Variation on Pythagorean Theorem

I already know about the Pythagorean Theorem, where a2+b2=c2a^2 + b^2 = c^2. Now I'm wondering if there can be a solution where 1a2+1b2=1c2\frac {1}{a^2} + \frac {1} {b^2} = \frac {1}{c^2}. Is this possible?

Note: If this question has already been asked, please show me a link where this question was asked so I can look at that.

If this is impossible tell me how it is impossible to get a solution (or solutions) for this equation.

If this is possible tell me how it is possible to get a solution (or solutions) for this equation.

Note by Ananth Jayadev
3 years, 9 months ago

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We can put it into the form of

a2+b2=(abc)2a^2+b^2 = (\frac{ab}{c})^2

of which one answer is c=aba2+b2c = \frac{ab}{\sqrt{a^2+b^2}}. Some answer of (a, b, c) for natural number xx is

(a,b,c)=(15x,20x,12x),(175x,600x,168x)(a, b, c) = (15x, 20x, 12x), (175x, 600x, 168x)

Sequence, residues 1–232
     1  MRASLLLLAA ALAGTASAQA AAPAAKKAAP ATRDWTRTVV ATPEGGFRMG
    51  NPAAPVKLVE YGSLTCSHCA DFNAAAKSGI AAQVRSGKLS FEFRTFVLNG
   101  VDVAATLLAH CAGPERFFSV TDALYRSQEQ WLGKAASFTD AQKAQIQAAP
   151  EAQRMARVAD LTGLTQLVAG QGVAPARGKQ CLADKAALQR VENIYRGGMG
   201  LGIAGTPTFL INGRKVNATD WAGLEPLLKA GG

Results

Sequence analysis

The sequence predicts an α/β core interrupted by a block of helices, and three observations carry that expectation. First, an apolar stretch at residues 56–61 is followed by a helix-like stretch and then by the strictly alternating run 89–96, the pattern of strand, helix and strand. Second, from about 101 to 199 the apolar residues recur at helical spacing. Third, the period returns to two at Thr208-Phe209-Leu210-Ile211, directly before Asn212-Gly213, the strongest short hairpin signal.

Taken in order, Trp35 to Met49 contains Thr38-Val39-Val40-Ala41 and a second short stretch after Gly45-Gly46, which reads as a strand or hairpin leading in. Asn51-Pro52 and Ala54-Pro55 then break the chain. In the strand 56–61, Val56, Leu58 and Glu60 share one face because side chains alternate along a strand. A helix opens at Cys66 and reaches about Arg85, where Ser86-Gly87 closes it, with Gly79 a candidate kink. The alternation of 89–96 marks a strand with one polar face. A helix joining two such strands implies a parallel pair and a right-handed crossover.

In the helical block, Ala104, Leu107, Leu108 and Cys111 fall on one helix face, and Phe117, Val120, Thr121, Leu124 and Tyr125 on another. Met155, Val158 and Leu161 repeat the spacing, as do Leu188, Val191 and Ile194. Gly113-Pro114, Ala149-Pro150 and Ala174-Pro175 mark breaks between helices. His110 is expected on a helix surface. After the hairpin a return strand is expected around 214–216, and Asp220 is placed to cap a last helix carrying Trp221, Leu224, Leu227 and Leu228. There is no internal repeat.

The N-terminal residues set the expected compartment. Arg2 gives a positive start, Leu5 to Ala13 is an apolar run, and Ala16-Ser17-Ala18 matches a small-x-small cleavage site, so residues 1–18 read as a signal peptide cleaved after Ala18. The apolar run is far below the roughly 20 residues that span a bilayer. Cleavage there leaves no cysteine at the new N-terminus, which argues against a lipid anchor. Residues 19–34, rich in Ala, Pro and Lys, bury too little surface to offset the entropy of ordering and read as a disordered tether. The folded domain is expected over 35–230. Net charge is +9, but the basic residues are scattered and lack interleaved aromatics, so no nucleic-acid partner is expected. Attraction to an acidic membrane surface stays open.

Kay Xspre - 3 years, 8 months ago

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a=20,b=15,c=12a = 20, b =15, c= 12

Pi Han Goh - 3 years, 9 months ago

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Thank you very much!

Ananth Jayadev - 3 years, 9 months ago

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汶良 林 - 3 years, 8 months ago

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for example:

x = 3, y = 4, z = 5

a = 20, b = 15, c = 40

汶良 林 - 3 years, 8 months ago

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Cool!

Kamalpreet Singh - 3 years, 8 months ago

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